In In the Matter of Independent Physician Associates Medical Group, Inc., d/b/a AllCare IPA, the FTC alleged that AllCare IPA, (AllCare), a multispecialty independent practice association with approximately 500 physician members in Modesto, California, restrained competition on fee-for-service contracts in 2005 and 2006. AllCare and its doctors had contracted with preferred provider organizations (PPOs) to provide care on a fee-for-service basis. In these PPO arrangements, the payer compensates the doctors for services in accordance with agreed-upon fee schedules. The FTC alleged that AllCare restrained competition by:
As a result of this conduct, many AllCare member physicians did in fact send termination letters to payers thereby ending their individual agreements with the payers.
In In the Matter of Boulder Valley Individual Practice Association, the FTC alleged that from 2001 to 2006, Boulder Valley Individual Practice Association (BVIPA), a multispecialty independent practice association with approximately 365 physicians in the Boulder County, Colorado area, negotiated and signed agreements with payers to increase rates for services. In the course of these negotiations, the FTC alleged that BVIPA threatened payers facing rate increases with contract termination if they refused to negotiate with the group or otherwise respond to the group’s demands. BVIPA purportedly claimed to provide payers with a choice of contracting methods, but BVIPA only utilized the single-signature contract and would only sign the agreement if the new rate was deemed sufficiently high. BVIPA newsletters actively discouraged members from contracting directly with payers, and some of the specialty physician members did, in fact, refuse to contract with payers outside of BVIPA.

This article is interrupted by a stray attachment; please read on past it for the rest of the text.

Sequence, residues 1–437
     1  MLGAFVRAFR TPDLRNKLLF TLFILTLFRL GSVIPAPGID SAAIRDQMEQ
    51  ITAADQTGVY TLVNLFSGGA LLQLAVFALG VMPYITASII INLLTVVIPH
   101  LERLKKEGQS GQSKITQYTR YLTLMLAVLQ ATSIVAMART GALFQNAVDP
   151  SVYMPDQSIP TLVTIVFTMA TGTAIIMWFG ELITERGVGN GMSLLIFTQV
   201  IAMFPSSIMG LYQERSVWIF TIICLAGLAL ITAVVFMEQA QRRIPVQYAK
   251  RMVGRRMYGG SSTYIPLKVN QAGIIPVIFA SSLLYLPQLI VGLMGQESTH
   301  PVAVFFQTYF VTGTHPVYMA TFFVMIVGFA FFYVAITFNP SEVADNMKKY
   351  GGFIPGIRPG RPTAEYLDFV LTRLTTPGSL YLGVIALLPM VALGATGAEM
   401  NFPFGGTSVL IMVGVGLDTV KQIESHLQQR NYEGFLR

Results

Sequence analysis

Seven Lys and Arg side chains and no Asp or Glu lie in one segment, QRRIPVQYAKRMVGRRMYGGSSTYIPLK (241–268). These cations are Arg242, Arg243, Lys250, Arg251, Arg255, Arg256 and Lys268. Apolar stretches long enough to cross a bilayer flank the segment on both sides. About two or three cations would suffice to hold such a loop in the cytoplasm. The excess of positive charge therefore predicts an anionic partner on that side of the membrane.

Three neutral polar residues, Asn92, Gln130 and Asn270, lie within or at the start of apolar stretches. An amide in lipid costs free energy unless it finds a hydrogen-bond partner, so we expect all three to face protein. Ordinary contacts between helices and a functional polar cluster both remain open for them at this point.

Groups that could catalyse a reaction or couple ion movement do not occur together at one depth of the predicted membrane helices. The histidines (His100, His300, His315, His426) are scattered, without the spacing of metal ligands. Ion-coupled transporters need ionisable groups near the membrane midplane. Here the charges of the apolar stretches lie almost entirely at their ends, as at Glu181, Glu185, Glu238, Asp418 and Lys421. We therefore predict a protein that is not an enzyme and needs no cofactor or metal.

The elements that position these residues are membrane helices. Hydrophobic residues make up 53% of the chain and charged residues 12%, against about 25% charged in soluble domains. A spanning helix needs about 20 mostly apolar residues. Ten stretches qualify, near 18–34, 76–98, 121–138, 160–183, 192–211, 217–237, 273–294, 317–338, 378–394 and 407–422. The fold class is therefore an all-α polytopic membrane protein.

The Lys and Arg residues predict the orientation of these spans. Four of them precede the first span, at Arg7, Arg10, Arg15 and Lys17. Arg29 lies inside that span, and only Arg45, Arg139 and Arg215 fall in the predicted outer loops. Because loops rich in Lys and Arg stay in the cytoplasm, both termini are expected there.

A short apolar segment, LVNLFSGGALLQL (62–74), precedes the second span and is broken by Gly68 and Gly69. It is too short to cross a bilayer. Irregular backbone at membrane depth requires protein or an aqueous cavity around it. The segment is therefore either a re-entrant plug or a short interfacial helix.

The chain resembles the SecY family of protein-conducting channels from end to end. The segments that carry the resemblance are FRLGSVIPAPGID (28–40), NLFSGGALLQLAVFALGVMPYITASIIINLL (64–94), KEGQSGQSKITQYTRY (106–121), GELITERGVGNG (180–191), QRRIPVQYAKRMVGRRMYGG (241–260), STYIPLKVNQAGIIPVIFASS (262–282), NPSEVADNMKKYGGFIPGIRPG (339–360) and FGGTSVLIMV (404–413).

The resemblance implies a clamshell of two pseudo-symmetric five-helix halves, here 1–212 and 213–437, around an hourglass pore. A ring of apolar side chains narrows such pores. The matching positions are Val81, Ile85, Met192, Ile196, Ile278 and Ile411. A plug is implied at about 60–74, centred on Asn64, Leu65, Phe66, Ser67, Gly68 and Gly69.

The FTC maintained that the conduct of AllCare and BVIPA in collectively negotiating and refusing to deal with payers, without justification, constituted illegal price fixing in violation of federal law. Because neither group engaged in any activity reasonably related to quality or efficiency-enhancing integration (such as sharing financial risk in providing services or collaborating to monitor and modify their practice programs to control costs or ensure quality), the FTC concluded that the groups’ actions had the effect of restraining trade unreasonably and hindering competition.
With the intention of eliminating the illegal anticompetitive conduct alleged in the complaints, the FTC’s proposed consent orders prohibit AllCare and BVIPA from entering into, adhering to, maintaining, or facilitating agreements among or between physicians for all the following purposes: